2. A second scenario involved violence on a large-scale: when mobs rose up in fury or seething tensions exploded against an entire racial group. Those perpetrators did not claim to be agents of justice, yet deliberately organized a homicidal spree to enforce the tradition of white superiority. Sometimes victims caught by such a mob were viciously hanged in a matter of minutes, dismembered, or shot to the point of mutilation.
So in his book American Lynching, the author Ashraf Rushdy raises a hard question about semantics:
"What does it mean then when what looks by all accounts like a traditional lynching, by any of the accepted definitions, is discounted because it occurred in an urban space during a spree of mob violence...? ... [T]he definitions historically and still used by scholars of lynchings are problematic to the extent that they exclude events that should be included, and they do so because they draw on the most iconic lynching scenario ... and then define anything earlier, later, or other form of collective violence as something else."
The maps on this website preserve the possibility of this gray area: cases of mob violence are included, even at times when Monroe Work would not have counted them "lynching." However, these are marked with a different symbol on an alternate map so that you may make your own decision.marks a victim of lynching
This website attempts to take you back and imagine the United States from a historical time. So this map recreates the boundaries of the US interior as of 100 years ago, and the counties drawn on the land are the ones that existed in the year 1916. The borders of Native American nations, reservations and agencies (and the lands recently opened from them) are also shown from that decade.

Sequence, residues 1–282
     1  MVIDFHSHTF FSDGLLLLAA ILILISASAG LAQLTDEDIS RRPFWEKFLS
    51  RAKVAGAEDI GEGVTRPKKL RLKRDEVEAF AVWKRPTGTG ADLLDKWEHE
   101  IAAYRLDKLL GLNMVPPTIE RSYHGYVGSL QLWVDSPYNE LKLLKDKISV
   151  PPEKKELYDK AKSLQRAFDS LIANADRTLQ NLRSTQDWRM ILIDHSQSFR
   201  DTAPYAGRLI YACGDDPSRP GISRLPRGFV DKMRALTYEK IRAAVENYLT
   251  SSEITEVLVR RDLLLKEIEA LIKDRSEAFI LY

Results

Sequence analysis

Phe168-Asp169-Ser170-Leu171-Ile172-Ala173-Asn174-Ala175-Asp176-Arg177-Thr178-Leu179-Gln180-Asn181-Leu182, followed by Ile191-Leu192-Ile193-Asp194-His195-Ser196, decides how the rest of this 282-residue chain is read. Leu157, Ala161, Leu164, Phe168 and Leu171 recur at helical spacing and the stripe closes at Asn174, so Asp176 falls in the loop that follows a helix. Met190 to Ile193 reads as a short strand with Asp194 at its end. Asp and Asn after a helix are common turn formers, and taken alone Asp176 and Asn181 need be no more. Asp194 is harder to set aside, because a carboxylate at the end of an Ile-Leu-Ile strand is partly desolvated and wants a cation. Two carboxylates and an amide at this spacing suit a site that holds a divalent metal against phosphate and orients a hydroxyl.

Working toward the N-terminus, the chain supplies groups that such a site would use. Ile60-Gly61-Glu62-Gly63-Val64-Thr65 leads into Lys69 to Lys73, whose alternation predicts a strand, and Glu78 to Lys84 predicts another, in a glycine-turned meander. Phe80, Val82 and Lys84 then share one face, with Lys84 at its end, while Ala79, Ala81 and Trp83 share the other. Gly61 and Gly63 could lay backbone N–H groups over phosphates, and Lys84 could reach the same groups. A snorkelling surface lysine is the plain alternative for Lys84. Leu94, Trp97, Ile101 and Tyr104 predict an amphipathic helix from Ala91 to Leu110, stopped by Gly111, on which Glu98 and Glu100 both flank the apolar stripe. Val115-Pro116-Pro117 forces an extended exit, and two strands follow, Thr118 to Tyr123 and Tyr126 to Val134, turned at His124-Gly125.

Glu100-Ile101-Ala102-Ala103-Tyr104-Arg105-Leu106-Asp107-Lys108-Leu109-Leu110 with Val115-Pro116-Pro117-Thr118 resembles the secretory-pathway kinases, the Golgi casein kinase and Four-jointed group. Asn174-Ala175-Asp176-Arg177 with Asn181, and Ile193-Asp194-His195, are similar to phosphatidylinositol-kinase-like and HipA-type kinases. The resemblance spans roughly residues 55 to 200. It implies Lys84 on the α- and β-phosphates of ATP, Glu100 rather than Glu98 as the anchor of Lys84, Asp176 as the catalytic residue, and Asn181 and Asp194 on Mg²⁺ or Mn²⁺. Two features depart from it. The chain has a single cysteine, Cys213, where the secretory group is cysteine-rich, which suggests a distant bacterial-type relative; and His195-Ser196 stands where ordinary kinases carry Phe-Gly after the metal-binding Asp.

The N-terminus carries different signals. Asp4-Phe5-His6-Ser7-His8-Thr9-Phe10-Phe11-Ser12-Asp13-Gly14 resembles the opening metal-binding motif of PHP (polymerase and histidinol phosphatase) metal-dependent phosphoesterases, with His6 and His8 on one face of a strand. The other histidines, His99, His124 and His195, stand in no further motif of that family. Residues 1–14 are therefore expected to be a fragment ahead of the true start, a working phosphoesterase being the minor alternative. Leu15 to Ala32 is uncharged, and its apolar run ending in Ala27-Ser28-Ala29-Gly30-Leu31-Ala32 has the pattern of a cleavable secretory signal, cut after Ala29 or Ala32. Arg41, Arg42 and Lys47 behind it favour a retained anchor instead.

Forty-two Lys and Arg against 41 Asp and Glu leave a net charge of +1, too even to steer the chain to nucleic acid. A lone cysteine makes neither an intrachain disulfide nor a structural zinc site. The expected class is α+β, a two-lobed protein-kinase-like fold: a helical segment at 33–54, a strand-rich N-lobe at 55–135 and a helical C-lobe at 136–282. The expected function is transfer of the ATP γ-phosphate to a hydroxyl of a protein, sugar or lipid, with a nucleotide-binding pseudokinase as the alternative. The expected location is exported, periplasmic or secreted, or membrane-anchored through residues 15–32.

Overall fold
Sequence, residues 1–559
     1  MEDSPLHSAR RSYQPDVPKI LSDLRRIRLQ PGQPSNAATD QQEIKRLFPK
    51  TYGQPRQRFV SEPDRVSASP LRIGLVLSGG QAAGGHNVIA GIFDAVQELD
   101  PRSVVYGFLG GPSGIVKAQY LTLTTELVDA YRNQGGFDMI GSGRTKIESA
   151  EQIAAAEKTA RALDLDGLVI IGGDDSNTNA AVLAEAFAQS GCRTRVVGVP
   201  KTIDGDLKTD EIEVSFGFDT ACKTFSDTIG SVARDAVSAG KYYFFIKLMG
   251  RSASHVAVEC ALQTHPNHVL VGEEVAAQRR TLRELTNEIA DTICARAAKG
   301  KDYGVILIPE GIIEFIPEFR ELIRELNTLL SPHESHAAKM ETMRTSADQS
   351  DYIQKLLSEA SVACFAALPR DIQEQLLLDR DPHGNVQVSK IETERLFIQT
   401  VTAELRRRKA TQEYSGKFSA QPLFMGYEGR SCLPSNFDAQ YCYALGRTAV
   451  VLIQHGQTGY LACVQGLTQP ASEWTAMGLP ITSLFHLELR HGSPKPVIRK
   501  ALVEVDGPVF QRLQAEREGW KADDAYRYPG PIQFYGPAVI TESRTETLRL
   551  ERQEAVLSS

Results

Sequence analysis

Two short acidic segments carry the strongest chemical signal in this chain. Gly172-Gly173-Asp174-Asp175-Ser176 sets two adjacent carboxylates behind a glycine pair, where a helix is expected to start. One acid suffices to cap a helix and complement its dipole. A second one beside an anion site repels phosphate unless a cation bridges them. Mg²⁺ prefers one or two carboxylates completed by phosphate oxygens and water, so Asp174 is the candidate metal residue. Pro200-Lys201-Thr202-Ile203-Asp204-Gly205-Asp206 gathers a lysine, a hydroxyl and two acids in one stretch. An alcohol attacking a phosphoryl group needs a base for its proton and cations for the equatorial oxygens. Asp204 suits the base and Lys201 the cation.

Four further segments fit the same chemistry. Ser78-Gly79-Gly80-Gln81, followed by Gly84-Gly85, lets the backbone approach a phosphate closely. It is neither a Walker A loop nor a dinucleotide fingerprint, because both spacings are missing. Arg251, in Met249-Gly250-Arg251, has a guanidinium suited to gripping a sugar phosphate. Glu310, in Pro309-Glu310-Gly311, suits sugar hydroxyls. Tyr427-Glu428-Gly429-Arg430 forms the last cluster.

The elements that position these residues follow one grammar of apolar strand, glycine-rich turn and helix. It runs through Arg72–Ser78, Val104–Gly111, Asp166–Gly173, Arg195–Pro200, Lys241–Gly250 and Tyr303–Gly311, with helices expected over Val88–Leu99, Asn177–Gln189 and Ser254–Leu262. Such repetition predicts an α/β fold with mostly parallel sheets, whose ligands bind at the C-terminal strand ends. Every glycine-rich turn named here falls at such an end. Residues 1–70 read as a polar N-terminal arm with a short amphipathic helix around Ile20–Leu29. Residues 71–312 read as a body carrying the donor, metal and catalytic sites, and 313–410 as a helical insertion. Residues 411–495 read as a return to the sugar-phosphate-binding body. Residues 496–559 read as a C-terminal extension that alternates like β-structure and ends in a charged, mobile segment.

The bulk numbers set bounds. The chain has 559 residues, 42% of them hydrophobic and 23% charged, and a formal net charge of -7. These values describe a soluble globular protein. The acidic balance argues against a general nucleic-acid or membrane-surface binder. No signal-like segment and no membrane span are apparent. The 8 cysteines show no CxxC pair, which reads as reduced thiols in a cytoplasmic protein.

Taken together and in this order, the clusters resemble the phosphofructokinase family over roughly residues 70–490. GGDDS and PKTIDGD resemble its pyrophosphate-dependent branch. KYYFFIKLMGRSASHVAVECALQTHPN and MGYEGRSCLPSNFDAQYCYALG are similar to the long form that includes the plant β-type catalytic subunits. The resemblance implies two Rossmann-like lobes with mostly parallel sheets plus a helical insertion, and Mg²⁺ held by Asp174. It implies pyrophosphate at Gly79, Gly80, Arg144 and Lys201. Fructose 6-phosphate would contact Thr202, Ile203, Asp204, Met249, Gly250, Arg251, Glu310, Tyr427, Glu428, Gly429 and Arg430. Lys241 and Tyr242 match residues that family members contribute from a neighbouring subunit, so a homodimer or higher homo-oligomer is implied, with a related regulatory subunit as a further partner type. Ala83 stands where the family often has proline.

Over time, counties evolved their borders as the state legislatures adjusted them to areas which became more densely populated. This is especially true in the Far West, where the original counties were huge blocks of land from settlement times.
Italians who immigrated to the U.S. after the Civil War, and southern Italians in particular, often had a dark complexion and shiny black hair. Many Anglo-Saxons questioned their membership in the "white race." As a group, they often experienced suspicion or discrimination from their white neighbors (who were people who immigrated in the US in earlier times). On this basis, the federal Immigration Act of 1924 limited the number of southern and eastern Europeans who could migrate to the United States.
Italians, like all immigrants, sought a better life in the American economic experiment. Some settled in the North to work in factories and mills. Others arrived in the Deep South, where jobs in plantation farming could pay relatively well. One large population was established in Louisiana where they worked on sugar plantations that lined the Mississippi River. White Louisianans, like white people elsewhere, still held stereotypes for people from southern Europe: they were seen as "dirty", criminal, and inferior to people with a heritage from France, Germany, and Anglo-Saxon culture.
So Italians, like black Americans, often remained very low in social and economic standing. White society had a specific vulgar slur for each of these groups, to dehumanize them and treat them with disgust.